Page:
Revealed: How The United Nations Is Crushing Australian Businesses By Making It Cheaper To Order Goods From CHINA Than From Local Sellers
- A United Nations agreement forces Australian companies to pay more postal charges
- The Universal Postal Union was created to help underprivileged developing countries
- China is recognized as a developing country, despite its enormous economic power
- Australia is increasingly calling for renegotiation of the unfair agreement
Australia is increasingly calling for a United Nations agreement to be broken, making shipping online goods from China cheaper than buying from local suppliers.
The Universal Postal Union is a specialized UN agency that regulates international shipping costs, so that underprivileged developing countries can afford to send and receive essential goods.
But according to the agreement, China, the second largest economy in the world, is considered a developing country and countries like Australia are forced to pay double.
Australia is increasingly growing to tear a United Nations agreement that makes shipping online goods from China cheaper than buying from local suppliers
The issue will be highlighted next week when a Senate investigation into Australia Post’s delivery standards in Canberra begins.
In a submission to the investigation, Australian Small Business and Family Business Ombudsman Kate Carnell AO said it is time to “renegotiate” the deal that hit businesses particularly hard during the corona virus crisis.
“My Office has received a number of complaints from small businesses about the price competitiveness of domestic parcels rather than international parcel delivery for the same or similar products,” she said.
For example, a product sold and shipped by a seller can deliver free or cheap delivery (say, $ 5).
“The domestic cost for the same product, shipped to the same location, from an Australian small business may be double that of the international seller.”
China is home to the world’s largest e-commerce platform Alibaba and is expected to become the largest economy in the world by 2030.
The “benefits and benefits” it receives as a developing country have long been an issue for Australia and its allies.
The UN allows countries to “designate” whether or not they are a developing country based on a per capita income threshold of $ 12,055 ($ 16,900).
Under the Universal Postal Union agreement, the world’s second-largest economy is considered China as a developing country and countries such as Australia are forced to pay more
“China, which is a major economic power, is considered a developing country within the World Trade Organization,” tweeted US President Donald Trump after raising tariffs on Chinese steel imports in 2018.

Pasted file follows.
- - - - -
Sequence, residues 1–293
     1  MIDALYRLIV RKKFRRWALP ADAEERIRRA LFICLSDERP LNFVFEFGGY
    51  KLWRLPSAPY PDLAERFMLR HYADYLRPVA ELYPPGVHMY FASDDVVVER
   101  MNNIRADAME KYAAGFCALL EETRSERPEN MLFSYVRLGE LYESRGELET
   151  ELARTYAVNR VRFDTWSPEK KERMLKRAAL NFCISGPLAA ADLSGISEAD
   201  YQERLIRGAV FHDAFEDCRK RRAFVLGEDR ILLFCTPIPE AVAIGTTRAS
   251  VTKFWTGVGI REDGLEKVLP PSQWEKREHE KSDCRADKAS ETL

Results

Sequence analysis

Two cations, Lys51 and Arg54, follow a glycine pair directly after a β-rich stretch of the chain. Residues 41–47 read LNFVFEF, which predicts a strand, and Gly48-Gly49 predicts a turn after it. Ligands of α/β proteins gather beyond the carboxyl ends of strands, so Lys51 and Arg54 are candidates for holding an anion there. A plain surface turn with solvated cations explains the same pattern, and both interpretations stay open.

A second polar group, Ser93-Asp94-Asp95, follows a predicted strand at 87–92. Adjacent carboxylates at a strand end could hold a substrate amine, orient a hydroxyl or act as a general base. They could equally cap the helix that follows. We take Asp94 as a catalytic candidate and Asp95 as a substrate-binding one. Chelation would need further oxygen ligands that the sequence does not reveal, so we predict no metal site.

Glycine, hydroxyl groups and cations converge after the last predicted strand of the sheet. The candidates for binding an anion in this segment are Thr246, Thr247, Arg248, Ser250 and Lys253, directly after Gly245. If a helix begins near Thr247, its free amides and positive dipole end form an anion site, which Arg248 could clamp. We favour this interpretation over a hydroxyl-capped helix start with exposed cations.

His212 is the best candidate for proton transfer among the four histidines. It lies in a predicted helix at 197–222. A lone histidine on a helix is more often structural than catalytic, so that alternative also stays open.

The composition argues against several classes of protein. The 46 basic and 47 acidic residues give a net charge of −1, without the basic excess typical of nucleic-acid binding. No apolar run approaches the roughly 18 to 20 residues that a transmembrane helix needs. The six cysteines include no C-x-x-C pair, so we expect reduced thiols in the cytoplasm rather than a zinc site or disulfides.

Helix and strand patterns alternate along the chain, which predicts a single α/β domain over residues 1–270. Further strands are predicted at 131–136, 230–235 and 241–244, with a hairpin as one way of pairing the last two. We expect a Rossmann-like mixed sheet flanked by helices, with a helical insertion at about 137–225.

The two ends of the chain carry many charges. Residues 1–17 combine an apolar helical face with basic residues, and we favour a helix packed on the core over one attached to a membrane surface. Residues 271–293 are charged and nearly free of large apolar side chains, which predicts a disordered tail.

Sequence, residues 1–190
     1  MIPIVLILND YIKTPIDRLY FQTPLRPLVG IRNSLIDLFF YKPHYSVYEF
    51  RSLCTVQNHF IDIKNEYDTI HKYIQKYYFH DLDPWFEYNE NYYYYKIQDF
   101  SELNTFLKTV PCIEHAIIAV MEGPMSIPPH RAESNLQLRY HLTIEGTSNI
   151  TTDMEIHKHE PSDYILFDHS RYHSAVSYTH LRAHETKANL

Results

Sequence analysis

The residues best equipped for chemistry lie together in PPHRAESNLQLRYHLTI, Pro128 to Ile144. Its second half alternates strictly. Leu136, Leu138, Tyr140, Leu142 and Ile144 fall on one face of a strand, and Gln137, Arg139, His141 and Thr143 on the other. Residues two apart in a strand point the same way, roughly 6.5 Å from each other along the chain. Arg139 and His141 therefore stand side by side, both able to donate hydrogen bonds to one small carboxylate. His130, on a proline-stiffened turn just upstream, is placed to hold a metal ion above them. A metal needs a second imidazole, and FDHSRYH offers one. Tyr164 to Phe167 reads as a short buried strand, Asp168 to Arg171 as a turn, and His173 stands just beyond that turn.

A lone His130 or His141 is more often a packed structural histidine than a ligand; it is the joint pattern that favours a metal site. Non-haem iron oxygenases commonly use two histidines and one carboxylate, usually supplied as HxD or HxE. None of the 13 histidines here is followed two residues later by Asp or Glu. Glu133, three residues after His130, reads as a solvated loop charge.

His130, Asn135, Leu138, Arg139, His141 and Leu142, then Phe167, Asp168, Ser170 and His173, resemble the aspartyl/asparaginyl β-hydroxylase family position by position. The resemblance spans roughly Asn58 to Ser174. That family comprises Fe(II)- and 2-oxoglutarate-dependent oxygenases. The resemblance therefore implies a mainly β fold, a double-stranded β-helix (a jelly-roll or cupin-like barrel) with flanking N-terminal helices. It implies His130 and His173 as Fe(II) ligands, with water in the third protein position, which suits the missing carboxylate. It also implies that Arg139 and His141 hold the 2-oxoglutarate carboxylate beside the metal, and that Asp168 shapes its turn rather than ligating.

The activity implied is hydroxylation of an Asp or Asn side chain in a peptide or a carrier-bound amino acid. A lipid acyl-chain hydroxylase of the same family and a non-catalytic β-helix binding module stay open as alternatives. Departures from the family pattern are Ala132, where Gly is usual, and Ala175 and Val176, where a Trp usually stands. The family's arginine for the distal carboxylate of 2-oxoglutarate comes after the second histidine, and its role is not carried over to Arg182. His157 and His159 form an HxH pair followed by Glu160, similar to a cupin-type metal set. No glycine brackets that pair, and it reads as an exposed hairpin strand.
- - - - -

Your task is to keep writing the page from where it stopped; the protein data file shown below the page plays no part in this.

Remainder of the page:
That’s why they get tremendous benefits and benefits, especially in the United States. Does anyone think this is fair. We were poorly represented. The WTO is not fair to the US. ‘
Australian Prime Minister Scott Morrison also spoke out on the matter when he visited the Chicago Council on Global Affairs in the US last September.
“The global institutions of the world must adapt their institutions to China in recognition of this new status … as a very great world power,” he said.
But China firmly rejects the criticism.
In a submission to a Senate investigation, Australian Small Business and Family Business Ombudsman Kate Carnell AO said it’s time to renegotiate the unfair deal that hit businesses particularly hard during the coronation crisis
“China is the largest developing country in the world,” Gao Feng, spokesman for the Department of Commerce, told reporters.
“We are not shying away from our international responsibilities and are prepared to take on commitments in the WTO that are compatible with our own level of economic development and opportunity.”
After the United States threatened to leave the Universal Postal Union because it was being treated unfairly, the organization established in 1874 agreed to let the other countries set its own postal rates.
Australia will be able to set its five-year rates from 2021.
“We recommend Australia Post to renegotiate the terms of their UPU agreement or enter a fee on all incoming international packages to keep shipping costs the same,” Carnell said.
“This will help Australian small businesses gain a foothold in the online retail market, which boomed during the crisis, and contribute to Australia’s overall economic recovery.”
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